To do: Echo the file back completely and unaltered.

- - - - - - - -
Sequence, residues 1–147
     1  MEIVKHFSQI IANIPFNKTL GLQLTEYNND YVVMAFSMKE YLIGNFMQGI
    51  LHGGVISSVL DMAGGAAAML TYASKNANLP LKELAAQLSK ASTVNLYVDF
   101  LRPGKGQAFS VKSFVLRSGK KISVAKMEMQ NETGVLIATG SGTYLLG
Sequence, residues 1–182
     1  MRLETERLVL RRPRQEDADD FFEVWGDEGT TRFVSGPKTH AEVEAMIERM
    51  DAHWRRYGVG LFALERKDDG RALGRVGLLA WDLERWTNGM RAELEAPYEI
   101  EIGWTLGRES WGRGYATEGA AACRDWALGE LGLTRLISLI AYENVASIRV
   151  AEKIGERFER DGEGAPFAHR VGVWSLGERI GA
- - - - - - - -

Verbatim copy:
Sequence, residues 1–147
     1  MEIVKHFSQI IANIPFNKTL GLQLTEYNND YVVMAFSMKE YLIGNFMQGI
    51  LHGGVISSVL DMAGGAAAML TYASKNANLP LKELAAQLSK ASTVNLYVDF
   101  LRPGKGQAFS VKSFVLRSGK KISVAKMEMQ NETGVLIATG SGTYLLG
Sequence, residues 1–182
     1  MRLETERLVL RRPRQEDADD FFEVWGDEGT TRFVSGPKTH AEVEAMIERM
    51  DAHWRRYGVG LFALERKDDG RALGRVGLLA WDLERWTNGM RAELEAPYEI
   101  EIGWTLGRES WGRGYATEGA AACRDWALGE LGLTRLISLI AYENVASIRV
   151  AEKIGERFER DGEGAPFAHR VGVWSLGERI GA